Flood

floodingfloodsflood controlfloodedfloodwaterinundationurban floodinginundatedriver floodspate
A flood is an overflow of water that submerges land that is usually dry.wikipedia
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River

riversriverineriparian
Flooding may occur as an overflow of water from water bodies, such as a river, lake, or ocean, in which the water overtops or breaks levees, resulting in some of that water escaping its usual boundaries, or it may occur due to an accumulation of rainwater on saturated ground in an areal flood. Floods occur in all types of river and stream channels, from the smallest ephemeral streams in humid zones to normally-dry channels in arid climates to the world's largest rivers.
In larger rivers there is often also a wider floodplain shaped by flood-waters over-topping the channel.

Floodplain

flood plainfloodplainsflood plains
Surface soil can become saturated, which effectively stops infiltration, where the water table is shallow, such as a floodplain, or from intense rain from one or a series of storms.
A floodplain or flood plain is an area of land adjacent to a stream or river which stretches from the banks of its channel to the base of the enclosing valley walls, and which experiences flooding during periods of high discharge.

Flash flood

flash floodsflash floodingflash-flood
Some floods develop slowly, while others such as flash floods can develop in just a few minutes and without visible signs of rain.
A flash flood is a rapid flooding of low-lying areas: washes, rivers, dry lakes and basins.

Surface runoff

runoffagricultural runoffrun-off
Floods can happen on flat or low-lying areas when water is supplied by rainfall or snowmelt more rapidly than it can either infiltrate or run off.
In addition to causing water erosion and pollution, surface runoff in urban areas is a primary cause of urban flooding which can result in property damage, damp and mold in basements, and street flooding.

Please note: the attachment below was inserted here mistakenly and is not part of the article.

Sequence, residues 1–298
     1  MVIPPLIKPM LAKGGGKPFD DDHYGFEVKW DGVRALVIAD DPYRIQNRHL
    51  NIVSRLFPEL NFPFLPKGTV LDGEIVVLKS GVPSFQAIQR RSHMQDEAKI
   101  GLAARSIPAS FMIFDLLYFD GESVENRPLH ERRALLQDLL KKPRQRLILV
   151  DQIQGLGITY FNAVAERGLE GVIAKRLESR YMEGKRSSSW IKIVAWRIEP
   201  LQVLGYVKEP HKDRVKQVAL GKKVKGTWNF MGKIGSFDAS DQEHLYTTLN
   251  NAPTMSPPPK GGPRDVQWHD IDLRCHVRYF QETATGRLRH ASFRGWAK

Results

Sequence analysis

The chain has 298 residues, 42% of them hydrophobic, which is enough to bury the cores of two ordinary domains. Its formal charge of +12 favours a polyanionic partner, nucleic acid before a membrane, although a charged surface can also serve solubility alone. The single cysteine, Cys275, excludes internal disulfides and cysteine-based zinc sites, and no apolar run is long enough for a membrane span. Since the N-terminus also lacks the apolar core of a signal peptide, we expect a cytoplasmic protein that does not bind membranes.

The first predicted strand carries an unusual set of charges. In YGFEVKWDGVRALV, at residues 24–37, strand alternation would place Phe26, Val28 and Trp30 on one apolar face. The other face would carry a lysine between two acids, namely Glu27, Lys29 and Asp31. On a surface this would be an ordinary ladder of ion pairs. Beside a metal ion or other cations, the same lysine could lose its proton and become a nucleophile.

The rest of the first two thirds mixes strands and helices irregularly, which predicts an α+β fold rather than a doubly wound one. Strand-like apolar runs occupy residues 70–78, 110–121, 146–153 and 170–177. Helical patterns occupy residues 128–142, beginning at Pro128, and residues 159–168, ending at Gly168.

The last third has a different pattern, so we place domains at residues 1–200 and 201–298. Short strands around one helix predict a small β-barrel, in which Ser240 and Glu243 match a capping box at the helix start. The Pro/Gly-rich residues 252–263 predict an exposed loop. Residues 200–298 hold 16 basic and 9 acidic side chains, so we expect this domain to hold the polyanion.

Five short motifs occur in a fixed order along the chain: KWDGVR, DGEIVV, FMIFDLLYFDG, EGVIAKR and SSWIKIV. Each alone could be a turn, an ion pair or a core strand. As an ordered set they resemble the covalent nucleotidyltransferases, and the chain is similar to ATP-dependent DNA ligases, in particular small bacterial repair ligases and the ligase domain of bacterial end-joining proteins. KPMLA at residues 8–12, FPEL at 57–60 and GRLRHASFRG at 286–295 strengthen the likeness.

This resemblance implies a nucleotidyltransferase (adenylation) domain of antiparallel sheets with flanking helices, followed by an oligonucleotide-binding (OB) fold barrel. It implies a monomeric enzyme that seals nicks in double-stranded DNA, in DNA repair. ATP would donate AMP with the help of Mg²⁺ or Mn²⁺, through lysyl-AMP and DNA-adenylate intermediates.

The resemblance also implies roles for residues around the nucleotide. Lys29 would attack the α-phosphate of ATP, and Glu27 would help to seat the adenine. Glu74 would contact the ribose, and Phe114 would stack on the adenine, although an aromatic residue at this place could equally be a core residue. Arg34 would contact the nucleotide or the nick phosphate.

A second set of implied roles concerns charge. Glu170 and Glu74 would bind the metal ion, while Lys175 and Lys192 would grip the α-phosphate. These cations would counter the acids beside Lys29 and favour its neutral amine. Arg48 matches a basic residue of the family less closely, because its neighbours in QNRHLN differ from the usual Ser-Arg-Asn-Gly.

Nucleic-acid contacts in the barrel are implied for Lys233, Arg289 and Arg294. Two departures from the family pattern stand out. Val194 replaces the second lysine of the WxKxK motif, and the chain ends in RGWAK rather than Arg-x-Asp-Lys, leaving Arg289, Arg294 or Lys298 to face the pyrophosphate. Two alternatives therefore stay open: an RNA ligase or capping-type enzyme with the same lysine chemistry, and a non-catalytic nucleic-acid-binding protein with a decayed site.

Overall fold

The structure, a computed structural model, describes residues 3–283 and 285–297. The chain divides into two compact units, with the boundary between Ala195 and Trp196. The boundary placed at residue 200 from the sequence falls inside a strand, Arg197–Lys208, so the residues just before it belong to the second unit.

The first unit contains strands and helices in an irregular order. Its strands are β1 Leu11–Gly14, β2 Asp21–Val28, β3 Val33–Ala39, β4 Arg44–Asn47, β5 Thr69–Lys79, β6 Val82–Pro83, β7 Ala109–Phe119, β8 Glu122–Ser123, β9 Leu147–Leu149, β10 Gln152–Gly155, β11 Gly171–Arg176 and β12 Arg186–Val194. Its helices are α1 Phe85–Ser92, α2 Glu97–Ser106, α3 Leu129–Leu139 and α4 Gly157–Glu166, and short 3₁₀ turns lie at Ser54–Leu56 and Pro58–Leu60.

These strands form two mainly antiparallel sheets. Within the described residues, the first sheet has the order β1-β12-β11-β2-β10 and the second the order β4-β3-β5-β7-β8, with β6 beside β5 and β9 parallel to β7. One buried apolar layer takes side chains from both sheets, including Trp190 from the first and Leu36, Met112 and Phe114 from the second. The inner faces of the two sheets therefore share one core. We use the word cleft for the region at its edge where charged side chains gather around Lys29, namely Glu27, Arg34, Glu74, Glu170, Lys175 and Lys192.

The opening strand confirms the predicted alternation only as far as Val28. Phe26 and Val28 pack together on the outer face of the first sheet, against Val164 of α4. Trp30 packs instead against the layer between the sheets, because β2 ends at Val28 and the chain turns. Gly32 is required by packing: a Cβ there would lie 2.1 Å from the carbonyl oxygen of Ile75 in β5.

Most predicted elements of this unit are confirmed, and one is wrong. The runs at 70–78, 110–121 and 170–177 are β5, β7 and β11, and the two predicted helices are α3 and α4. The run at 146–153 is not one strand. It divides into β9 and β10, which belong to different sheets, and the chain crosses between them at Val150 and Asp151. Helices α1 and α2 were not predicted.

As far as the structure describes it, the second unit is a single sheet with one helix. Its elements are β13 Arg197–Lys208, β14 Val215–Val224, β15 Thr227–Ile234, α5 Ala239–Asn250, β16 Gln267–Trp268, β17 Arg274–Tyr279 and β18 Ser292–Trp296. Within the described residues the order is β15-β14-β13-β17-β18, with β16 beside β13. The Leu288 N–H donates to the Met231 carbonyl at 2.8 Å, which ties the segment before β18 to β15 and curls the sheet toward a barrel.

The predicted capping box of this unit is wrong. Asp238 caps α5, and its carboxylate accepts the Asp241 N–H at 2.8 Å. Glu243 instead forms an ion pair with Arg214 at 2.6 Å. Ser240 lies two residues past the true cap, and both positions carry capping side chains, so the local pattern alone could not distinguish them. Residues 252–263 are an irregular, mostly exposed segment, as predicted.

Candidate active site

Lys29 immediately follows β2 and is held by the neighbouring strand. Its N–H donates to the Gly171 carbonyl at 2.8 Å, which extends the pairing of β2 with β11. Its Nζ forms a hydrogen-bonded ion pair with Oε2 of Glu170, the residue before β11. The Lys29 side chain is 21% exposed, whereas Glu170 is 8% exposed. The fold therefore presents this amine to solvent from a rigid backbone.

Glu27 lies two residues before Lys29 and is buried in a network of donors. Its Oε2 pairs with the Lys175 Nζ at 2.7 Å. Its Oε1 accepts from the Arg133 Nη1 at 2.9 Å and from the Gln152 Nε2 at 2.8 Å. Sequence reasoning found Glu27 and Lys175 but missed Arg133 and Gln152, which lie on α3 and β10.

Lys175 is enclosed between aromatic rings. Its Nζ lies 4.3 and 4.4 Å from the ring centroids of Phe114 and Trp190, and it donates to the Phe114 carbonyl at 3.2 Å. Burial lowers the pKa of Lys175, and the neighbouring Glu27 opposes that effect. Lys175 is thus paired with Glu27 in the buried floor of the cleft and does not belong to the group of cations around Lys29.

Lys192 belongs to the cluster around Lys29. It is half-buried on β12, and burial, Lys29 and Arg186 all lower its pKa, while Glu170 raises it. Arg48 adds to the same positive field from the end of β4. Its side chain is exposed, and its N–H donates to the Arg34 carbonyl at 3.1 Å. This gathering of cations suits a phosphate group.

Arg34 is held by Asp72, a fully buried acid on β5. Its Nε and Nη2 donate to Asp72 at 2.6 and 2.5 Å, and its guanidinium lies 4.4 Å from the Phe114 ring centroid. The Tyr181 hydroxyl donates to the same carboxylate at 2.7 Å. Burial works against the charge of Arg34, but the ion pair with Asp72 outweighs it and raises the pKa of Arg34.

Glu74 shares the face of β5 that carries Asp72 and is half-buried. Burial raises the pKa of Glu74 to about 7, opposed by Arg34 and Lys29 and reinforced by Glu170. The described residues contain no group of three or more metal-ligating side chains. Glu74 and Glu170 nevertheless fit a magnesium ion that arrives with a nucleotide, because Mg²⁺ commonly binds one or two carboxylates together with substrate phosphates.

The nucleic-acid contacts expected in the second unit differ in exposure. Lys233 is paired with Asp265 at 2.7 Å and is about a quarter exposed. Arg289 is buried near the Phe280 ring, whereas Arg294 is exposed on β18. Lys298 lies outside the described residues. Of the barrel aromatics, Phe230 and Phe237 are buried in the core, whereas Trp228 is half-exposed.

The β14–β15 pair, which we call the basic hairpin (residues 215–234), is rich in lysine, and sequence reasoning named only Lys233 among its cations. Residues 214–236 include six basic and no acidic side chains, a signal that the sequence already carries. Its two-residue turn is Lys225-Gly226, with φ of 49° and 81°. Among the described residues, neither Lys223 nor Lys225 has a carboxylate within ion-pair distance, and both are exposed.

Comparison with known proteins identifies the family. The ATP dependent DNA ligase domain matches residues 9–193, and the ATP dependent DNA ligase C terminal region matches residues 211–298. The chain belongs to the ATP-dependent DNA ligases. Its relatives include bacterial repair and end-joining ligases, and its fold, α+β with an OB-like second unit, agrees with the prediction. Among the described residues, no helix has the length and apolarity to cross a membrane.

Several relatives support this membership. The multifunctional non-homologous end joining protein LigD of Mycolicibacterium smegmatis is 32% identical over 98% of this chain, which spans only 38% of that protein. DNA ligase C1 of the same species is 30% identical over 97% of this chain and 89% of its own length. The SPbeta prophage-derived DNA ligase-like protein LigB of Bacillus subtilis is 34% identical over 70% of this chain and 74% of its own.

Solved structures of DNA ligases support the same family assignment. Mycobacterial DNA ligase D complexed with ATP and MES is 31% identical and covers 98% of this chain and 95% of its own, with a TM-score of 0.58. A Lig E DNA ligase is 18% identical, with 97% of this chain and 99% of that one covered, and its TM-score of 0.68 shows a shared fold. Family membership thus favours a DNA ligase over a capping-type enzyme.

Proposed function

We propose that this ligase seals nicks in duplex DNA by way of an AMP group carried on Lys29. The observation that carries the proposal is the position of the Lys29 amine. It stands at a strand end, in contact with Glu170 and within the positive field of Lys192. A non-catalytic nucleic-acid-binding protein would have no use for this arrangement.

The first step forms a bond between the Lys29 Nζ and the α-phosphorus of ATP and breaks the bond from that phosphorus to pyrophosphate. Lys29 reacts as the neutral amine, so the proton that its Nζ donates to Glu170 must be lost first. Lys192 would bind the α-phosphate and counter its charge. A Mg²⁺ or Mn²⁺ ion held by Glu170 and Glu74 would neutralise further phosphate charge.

Stormwater

storm waterstormwater managementcontrols
Aside from potential overflow of rivers and lakes, snowmelt, stormwater or water released from damaged water mains may accumulate on property and in public rights-of-way, seep through building walls and floors, or backup into buildings through sewer pipes, toilets and sinks.
In developed environments, unmanaged stormwater can create two major issues: one related to the volume and timing of runoff water (flooding) and the other related to potential contaminants that the water is carrying (water pollution).

New Orleans

New Orleans, LouisianaNew Orleans, LAOrleans Parish
Some recent catastrophes include the inundations of Nîmes (France) in 1998 and Vaison-la-Romaine (France) in 1992, the flooding of New Orleans (USA) in 2005, and the flooding in Rockhampton, Bundaberg, Brisbane during the 2010–2011 summer in Queensland (Australia).
The city's location and low elevation have historically made it very vulnerable to flooding, leading to the installation of a complex system of levees and drainage pumps.

Brisbane

Brisbane, QueenslandBrisbane, AustraliaBrisbane, QLD
Some recent catastrophes include the inundations of Nîmes (France) in 1998 and Vaison-la-Romaine (France) in 1992, the flooding of New Orleans (USA) in 2005, and the flooding in Rockhampton, Bundaberg, Brisbane during the 2010–2011 summer in Queensland (Australia).
It also received attention for its damaging flood events, most notably in 1974 and 2011.

2010–11 Queensland floods

2010–2011 Queensland floodsJanuary 2011 Brisbane floodsQueensland floods
Recent field measurements during the 2010–11 Queensland floods showed that any criterion solely based upon the flow velocity, water depth or specific momentum cannot account for the hazards caused by velocity and water depth fluctuations.
A series of floods hit Queensland, Australia, beginning in November 2010.

Snowmelt

snow meltmeltwatermelt snow
Although sometimes triggered by events such as flash flooding or snowmelt, urban flooding is a condition, characterized by its repetitive and systemic impacts on communities, that can happen regardless of whether or not affected communities are located within designated floodplains or near any body of water.
Rapid snowmelt can cause flooding.

100-year flood

100 year flood100-year500-year flood
Coincident events may cause extensive flooding to be more frequent than anticipated from simplistic statistical prediction models considering only precipitation runoff flowing within unobstructed drainage channels.
A one-hundred-year flood is a flood event that has a 1% probability of occurring in any given year.

Landslide

landslideslandslipdebris avalanche